57.2Isochlorogenic acid3.043.453.563.226.34
61.4Luteolin 23.323.575.907.605.67
63.5Rosmarinic acid6.737.458.104.395.64
63.8Chrysosplenol D7.169.947.918.318.20
64.1Taurin 33.444.783.723.121.23
68.7Arteannuin b4.05
72.2Artemisinin 21.450.
1 Retention time, min; 2 the identification of the peaks or the identities was confirmed by comparing them with authentic samples; 3 (3S,3aS,5aR,9bS)-3,5a,9-trimethyl-3a,5,5a,7,8,9b-hexahydronaphtho [1,2-b]furan-2,6(3H,4H)-dione.
Table 3. Antibacterial activity (MIC, MBC/MFC, µg/mL) of the ethanol extracts, namely A. annua cv. Novichok, A. dracunculus cv. Smaragd, A. santonica cv. Citral, A. abrotanum cv. Euxin, and A. scoparia cv. Tavrida.
Table 3. Antibacterial activity (MIC, MBC/MFC, µg/mL) of the ethanol extracts, namely A. annua cv. Novichok, A. dracunculus cv. Smaragd, A. santonica cv. Citral, A. abrotanum cv. Euxin, and A. scoparia cv. Tavrida.
Bacteria/Fungi StrainA. annua
cv. Novichok
A. dracunculus
cv. Smaragd
A. santonica
cv. Citral
A. abrotanum
cv. Euxin
A. scoparia
cv. Tavrida
Nor 1/Chl 2/Dif 3
Rathayibacter iranicus VKM Ac-16250010003103101000100020002000500050000.500.50
Bacillus subtilis
VKM B-12
2000 >50002000>50004000>50004000>50004000>50000.500.50
Agrobacterium tumefaciens
Xanthomonas arboricola S3100020006251250560112020004000150625250.00500.00
Alternaria solani K-100054400040002500250025002500>5000>5000125012501.9031.30
Fusarium graminearum FG-304000>50002500250025002500>5000>50003106253.9062.50
Rhizoctonia solani
VKM F-895
1 Norfloxacin; 2 chloramphenicol; 3 difenoconazole.
Table 4. Toxic effects of Artemisia extracts on Caenorhabditis elegans of the N2 wild-type line.
Table 4. Toxic effects of Artemisia extracts on Caenorhabditis elegans of the N2 wild-type line.
SamplePercentage of Dead Nematodes, %
Extract Concentration, µg/mL
A. annua cv. Novichok10092.0 ± 2.275.3 ± 3.555.3 ± 4.046.0 ± 4.022.0 ± 4.1
A. dracunculus cv. Smaragd10095.3 ± 1.768.0 ± 3.844.0 ± 4.034.0 ± 3.824.0 ± 4.2
A. santonica cv. Citral10094.5 ± 1.680.0 ± 2.867.0 ± 3.351.0 ± 3.540.0 ± 3.4
Table 5. Toxic effects of Artemisia extracts on Caenorhabditis elegans, both the N2 wild-type and mutant lines of RB896, RB756, JD217, and RB918.
Table 5. Toxic effects of Artemisia extracts on Caenorhabditis elegans, both the N2 wild-type and mutant lines of RB896, RB756, JD217, and RB918.
SamplePercentage of Dead Nematodes, %
A. annua cv. Novichok85.2 ± 2.29.5 ± 2.09.0 ± 2.083.6 ± 2.38.0 ± 1.9
A. dracunculus cv. Smaragd82.4 ± 2.477.2 ± 2.672.0 ± 2.884.5 ± 2.583.0 ± 2.6
A. santonica cv. Citral86.5 ± 2.448.0 ± 3.593.5 ± 1.727.5 ± 3.183.5 ± 2.6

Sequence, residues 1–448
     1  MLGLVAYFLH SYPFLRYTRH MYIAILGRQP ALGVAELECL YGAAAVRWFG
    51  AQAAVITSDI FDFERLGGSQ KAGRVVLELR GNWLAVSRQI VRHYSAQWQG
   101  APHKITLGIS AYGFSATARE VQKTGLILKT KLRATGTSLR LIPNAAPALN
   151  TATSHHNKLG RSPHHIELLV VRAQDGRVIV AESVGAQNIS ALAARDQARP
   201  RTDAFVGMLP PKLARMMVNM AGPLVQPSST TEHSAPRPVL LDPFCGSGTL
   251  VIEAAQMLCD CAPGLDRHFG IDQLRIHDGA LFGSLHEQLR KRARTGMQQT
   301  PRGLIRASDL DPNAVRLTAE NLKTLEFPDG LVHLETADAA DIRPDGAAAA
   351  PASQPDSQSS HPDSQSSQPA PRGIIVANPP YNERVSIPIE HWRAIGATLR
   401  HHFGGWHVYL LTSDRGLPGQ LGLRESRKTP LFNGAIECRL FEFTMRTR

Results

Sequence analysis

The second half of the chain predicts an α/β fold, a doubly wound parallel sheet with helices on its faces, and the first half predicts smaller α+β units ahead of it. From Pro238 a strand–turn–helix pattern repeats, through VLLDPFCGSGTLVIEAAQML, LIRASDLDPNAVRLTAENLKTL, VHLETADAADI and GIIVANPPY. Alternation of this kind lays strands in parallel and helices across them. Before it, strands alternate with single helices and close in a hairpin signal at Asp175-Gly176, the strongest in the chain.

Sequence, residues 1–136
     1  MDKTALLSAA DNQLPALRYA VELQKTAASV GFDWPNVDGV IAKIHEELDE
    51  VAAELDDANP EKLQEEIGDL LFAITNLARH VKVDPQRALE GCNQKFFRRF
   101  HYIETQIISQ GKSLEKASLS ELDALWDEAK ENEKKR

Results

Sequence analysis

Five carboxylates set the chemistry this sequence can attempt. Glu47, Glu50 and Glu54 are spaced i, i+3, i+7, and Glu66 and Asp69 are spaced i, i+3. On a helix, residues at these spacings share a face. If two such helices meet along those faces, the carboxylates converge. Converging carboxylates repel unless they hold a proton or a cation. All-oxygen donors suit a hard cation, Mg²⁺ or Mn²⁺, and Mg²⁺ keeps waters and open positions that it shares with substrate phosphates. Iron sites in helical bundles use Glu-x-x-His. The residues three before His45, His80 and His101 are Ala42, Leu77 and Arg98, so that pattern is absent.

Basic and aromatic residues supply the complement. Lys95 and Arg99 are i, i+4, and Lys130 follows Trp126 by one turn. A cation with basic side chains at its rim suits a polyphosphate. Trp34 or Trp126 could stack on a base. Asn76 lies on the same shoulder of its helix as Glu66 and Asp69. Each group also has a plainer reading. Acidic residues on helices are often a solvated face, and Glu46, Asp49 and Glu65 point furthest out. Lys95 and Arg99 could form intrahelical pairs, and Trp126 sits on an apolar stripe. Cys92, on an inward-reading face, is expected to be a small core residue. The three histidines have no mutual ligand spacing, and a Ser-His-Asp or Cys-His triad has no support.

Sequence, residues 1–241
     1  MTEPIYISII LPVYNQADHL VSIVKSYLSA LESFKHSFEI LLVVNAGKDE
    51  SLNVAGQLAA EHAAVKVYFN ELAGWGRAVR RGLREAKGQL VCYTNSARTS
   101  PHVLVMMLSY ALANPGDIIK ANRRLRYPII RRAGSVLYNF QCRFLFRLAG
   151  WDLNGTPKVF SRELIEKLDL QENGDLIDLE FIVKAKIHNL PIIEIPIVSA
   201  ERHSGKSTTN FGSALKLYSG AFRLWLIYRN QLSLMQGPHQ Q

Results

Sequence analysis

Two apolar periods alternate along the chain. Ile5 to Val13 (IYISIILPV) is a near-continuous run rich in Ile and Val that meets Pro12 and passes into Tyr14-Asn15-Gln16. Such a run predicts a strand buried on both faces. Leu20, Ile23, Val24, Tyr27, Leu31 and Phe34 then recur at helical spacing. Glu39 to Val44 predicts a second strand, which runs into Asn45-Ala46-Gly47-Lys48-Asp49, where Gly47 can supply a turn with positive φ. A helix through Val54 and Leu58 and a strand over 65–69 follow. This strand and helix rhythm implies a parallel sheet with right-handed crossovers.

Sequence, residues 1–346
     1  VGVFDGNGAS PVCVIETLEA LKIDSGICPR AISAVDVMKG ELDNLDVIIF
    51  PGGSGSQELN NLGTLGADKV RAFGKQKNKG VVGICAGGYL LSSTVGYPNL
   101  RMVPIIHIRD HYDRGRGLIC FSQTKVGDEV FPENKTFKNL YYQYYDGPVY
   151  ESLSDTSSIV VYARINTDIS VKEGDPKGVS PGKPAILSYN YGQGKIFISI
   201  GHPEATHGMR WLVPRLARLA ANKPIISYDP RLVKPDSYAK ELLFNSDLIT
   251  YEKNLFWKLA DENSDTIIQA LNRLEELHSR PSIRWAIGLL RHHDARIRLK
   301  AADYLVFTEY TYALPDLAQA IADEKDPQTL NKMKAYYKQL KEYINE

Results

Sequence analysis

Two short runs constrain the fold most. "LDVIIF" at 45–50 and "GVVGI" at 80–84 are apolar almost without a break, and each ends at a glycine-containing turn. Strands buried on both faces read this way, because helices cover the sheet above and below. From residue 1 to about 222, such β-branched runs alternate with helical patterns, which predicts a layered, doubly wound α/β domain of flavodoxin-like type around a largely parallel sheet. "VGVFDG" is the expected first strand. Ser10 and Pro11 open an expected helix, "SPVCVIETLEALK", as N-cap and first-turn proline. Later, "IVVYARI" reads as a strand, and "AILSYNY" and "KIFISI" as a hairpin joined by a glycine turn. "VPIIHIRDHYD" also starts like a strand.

Note: Concentration of extracts is 500 µg/mL.
Table 6. Toxic effects of Artemisia extracts on the C. elegans line of the N2 wild-type and the mutant lines of VC1041, VC 428, CB211, CB904, as well as CB522 VC1041, VC 428, CB211, CB904, and CB522.
Table 6. Toxic effects of Artemisia extracts on the C. elegans line of the N2 wild-type and the mutant lines of VC1041, VC 428, CB211, CB904, as well as CB522 VC1041, VC 428, CB211, CB904, and CB522.
SamplePercentage of Dead Nematodes, %
A. annua cv. Novichok92.0 ± 1.785.5 ± 2.414.8 ± 2.246.5 ± 3.586.5 ± 2.490.8 ± 1.8
A. dracunculus cv. Smaragd82.0 ± 2.755.2 ± 3.135.0 ± 3.328.5 ± 3.147.5 ± 3.567.6 ± 2.9
A. santonica cv. Citral91.0 ± 2.067.5 ± 3.327.5 ± 3.166.0 ± 3.310062.5 ± 3.4
Note: Concentration of extracts is 500 µg/mL.
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Nikitin, E.; Fitsev, I.; Egorova, A.; Logvinenko, L.; Terenzhev, D.; Bekmuratova, F.; Rakhmaeva, A.; Shumatbaev, G.; Gatiyatullina, A.; Shevchuk, O.; et al. Five Different Artemisia L. Species Ethanol Extracts’ Phytochemical Composition and Their Antimicrobial and Nematocide Activity. Int. J. Mol. Sci. 2023, 24, 14372.

AMA Style

Nikitin E, Fitsev I, Egorova A, Logvinenko L, Terenzhev D, Bekmuratova F, Rakhmaeva A, Shumatbaev G, Gatiyatullina A, Shevchuk O, et al. Five Different Artemisia L. Species Ethanol Extracts’ Phytochemical Composition and Their Antimicrobial and Nematocide Activity. International Journal of Molecular Sciences. 2023; 24(18):14372.

Chicago/Turabian Style

Nikitin, Evgeny, Igor Fitsev, Anastasia Egorova, Lidia Logvinenko, Dmitriy Terenzhev, Feruzakhon Bekmuratova, Adelya Rakhmaeva, Georgiy Shumatbaev, Alsu Gatiyatullina, Oksana Shevchuk, and et al. 2023. "Five Different Artemisia L. Species Ethanol Extracts’ Phytochemical Composition and Their Antimicrobial and Nematocide Activity" International Journal of Molecular Sciences 24, no. 18: 14372.